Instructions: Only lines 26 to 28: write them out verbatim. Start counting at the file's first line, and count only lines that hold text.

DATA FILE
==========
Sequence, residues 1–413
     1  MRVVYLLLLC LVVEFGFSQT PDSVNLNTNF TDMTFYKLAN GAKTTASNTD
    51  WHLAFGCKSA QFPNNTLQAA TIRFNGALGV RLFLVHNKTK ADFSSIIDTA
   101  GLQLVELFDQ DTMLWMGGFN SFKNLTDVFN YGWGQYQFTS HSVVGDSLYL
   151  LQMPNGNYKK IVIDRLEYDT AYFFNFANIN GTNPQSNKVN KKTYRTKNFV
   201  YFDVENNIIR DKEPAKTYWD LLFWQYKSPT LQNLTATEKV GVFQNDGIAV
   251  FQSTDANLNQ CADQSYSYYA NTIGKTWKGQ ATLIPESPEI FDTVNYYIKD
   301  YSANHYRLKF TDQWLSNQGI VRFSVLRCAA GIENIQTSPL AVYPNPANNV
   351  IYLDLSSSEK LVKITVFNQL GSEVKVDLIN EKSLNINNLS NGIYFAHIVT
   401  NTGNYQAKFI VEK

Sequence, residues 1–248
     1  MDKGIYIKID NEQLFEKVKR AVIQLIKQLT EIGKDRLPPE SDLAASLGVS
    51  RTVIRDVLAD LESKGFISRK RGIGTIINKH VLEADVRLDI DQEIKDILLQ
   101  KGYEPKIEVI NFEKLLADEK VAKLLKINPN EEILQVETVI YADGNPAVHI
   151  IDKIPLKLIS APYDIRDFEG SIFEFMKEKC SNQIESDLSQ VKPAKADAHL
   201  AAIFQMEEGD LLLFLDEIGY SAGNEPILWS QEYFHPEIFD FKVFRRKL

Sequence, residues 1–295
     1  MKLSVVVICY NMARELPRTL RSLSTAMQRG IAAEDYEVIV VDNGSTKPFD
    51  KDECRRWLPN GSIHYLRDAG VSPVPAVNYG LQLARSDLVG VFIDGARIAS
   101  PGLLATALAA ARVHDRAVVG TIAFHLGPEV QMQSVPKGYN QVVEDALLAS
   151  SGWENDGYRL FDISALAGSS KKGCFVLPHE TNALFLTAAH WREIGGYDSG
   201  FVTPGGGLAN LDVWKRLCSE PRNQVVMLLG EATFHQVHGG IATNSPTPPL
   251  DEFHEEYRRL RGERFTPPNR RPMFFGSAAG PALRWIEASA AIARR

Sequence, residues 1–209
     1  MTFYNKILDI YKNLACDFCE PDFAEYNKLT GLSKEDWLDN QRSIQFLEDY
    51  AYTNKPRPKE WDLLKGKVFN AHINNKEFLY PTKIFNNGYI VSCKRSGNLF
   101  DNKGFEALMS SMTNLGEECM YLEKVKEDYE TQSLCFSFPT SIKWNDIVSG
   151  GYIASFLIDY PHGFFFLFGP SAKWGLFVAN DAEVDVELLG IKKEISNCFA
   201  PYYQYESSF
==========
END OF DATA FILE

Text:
    51  AYTNKPRPKE WDLLKGKVFN AHINNKEFLY PTKIFNNGYI VSCKRSGNLF
   101  DNKGFEALMS SMTNLGEECM YLEKVKEDYE TQSLCFSFPT SIKWNDIVSG
   151  GYIASFLIDY PHGFFFLFGP SAKWGLFVAN DAEVDVELLG IKKEISNCFA